Police officers, stroller pros agree: iOS 7 has nice anti-theft features

The quietly great anti-theft features in the latest iPhone OS are getting notice from busy precincts.

Credit: Image via Jim Rosenberg/Twitter.

The iPhone 5s and 5c, and their new iOS 7 operating system, launched last week with fingerprint screen locks, slow-motion high-resolution video, a divisive new look and feel, and hard-to-get gold versions. Perhaps the most useful feature is flying quite low under the upgrading public's radar—unless they live in New York City.

In New York—where, as noted here previously, 40 percent of all robberies involved cellphones in 2012, and 14 percent of all crime involved Apple devices—police are handing out flyers advising people to upgrade to iOS 7, as noted by AllThingsD (via Jim Rosenberg's tweet). In the Park Slope neighborhood of Brooklyn, a parents' Facebook group is also pro-iOS 7.

Imagine being a New Yorker whose boss and IT department have requested holding off on upgrading until the corporate tools can be fixed up, but who is advised by police officers and neighbors to plug into iTunes and have at it. They don't teach these kinds of situations in Richard Scarry books. But I digress.

Until a Norwegian 13-year-old figures out the work-around, Apple's Activation Lock feature seems like a very strong step toward mass adoption of better phone security. On retail smartphones, and units not mass-deployed by corporate IT, screen passwords are something the owner has to dig into settings to set up. When you upgrade to iOS 7 or turn on a new iPhone 5s or 5c, you are prompted to set up a passcode for unlocking your phone. That same passcode, along with an Apple ID and password (or fingerprint), is needed to turn off the Find My iPhone feature, or re-activate the phone, regardless of whether you or the thief has wiped out its data.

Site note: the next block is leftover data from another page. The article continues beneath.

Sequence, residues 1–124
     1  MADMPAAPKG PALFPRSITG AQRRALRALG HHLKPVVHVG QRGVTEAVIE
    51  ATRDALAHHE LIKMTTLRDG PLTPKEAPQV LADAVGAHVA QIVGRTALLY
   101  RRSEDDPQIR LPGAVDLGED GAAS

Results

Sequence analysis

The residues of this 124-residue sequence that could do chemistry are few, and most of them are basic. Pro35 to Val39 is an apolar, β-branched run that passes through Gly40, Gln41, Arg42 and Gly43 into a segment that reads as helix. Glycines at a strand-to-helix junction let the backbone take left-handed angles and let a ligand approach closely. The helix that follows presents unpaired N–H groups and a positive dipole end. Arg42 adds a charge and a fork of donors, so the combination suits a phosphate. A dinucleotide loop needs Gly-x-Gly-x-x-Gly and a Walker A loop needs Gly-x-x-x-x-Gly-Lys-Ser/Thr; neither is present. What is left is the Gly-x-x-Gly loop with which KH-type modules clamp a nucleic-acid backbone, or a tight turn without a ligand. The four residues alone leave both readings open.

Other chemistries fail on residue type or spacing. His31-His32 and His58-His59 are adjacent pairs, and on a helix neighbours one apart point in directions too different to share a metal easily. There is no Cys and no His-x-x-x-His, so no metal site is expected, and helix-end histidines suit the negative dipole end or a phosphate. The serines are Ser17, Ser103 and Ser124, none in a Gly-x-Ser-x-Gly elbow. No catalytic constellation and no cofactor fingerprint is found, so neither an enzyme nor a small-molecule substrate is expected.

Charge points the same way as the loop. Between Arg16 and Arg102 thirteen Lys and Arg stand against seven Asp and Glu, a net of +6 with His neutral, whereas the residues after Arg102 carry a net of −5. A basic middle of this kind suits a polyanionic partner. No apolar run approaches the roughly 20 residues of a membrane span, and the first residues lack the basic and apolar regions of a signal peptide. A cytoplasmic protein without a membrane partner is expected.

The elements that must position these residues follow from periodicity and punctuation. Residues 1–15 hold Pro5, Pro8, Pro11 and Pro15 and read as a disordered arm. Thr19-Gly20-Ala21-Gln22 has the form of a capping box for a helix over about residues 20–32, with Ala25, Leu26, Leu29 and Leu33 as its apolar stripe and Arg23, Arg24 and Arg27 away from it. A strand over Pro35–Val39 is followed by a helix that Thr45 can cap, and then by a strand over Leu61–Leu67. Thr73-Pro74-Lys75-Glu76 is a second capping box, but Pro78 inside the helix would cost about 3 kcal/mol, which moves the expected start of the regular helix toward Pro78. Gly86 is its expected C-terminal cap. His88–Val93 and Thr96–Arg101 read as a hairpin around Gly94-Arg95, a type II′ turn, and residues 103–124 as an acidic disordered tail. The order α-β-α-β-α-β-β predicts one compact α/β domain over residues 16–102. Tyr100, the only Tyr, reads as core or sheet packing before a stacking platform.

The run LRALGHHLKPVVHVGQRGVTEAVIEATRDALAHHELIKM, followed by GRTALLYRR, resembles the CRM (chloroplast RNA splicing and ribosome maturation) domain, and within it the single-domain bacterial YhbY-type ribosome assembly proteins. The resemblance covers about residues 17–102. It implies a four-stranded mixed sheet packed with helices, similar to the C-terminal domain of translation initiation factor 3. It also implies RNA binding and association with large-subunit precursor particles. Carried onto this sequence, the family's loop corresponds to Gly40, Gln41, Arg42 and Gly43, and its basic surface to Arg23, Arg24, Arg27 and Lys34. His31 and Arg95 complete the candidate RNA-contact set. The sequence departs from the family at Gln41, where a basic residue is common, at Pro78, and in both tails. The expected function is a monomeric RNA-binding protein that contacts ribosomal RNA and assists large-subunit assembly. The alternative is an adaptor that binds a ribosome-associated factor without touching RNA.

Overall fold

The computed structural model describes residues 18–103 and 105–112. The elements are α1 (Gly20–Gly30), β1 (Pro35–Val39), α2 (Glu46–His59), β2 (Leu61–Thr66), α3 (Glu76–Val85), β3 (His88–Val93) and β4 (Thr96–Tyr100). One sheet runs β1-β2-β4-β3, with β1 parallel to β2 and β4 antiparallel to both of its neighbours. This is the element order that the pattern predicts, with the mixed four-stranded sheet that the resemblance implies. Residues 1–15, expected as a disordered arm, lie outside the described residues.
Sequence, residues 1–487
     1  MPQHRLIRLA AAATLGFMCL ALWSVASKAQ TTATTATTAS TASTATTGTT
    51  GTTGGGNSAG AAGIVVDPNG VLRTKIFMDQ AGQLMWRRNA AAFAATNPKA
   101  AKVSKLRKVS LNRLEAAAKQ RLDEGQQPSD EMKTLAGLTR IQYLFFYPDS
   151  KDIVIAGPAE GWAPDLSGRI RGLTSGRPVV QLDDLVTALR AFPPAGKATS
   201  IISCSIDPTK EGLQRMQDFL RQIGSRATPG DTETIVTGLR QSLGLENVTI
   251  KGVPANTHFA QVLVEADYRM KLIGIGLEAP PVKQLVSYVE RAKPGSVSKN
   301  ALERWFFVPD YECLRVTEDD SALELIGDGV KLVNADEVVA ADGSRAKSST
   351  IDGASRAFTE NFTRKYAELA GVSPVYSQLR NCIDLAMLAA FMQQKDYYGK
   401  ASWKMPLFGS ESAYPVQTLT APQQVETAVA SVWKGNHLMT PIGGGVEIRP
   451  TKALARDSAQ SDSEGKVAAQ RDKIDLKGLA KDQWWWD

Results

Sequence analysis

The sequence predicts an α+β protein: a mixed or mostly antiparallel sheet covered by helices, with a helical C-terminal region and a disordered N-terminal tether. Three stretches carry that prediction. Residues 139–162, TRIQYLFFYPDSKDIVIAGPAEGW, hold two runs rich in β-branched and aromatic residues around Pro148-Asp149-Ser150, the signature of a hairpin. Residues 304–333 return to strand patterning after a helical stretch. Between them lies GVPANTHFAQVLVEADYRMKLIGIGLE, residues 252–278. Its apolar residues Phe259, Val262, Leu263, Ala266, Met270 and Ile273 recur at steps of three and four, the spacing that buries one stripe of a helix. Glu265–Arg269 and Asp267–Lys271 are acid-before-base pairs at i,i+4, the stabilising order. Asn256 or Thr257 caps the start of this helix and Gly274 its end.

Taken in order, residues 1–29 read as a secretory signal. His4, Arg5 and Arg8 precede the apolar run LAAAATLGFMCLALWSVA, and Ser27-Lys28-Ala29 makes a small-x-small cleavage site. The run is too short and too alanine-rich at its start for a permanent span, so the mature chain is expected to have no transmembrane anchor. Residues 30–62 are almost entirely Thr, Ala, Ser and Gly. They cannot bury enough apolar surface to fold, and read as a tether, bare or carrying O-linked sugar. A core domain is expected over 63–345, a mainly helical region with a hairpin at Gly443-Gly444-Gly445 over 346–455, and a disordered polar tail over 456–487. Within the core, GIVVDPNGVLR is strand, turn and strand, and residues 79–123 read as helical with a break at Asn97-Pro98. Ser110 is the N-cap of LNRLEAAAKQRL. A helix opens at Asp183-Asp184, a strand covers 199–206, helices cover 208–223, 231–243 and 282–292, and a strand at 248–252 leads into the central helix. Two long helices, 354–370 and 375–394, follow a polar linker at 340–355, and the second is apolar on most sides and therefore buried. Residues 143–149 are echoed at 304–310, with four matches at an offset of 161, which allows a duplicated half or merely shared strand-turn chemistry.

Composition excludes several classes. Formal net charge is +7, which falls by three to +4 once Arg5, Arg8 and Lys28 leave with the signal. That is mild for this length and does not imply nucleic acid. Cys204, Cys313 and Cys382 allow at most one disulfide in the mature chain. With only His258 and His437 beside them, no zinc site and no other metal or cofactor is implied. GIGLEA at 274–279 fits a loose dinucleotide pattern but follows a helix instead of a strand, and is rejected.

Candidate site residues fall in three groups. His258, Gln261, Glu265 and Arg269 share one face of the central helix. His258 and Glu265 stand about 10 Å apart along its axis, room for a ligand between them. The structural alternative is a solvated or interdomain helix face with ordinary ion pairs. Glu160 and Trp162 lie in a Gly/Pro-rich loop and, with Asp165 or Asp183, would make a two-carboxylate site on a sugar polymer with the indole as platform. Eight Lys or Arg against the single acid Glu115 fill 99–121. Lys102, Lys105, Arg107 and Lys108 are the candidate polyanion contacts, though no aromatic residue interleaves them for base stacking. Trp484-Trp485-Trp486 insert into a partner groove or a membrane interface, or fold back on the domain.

The Activation Lock is lodged deep in the iPhone's internals, it seems; Apple suggests on a frequently-asked-questions page that iPhone owners should remember to disable Find My iPhone with their password before handing over their phones for service.

Android, for its part, recently rolled out an Android Device Manager service for devices running newer versions of Android. It requires Android owners to head to the Google Settings app (which they might not notice otherwise) and enable remote erasure, if they want to do more than just locate/ring their device. Apple is grabbing onto a bigger opportunity: implementing better personal security defaults on their operating system that is perhaps the most consistently upgraded on devices. It's rare to say this on a mobile blog, but that just seems like a good thing for everyone (until I read the comments).

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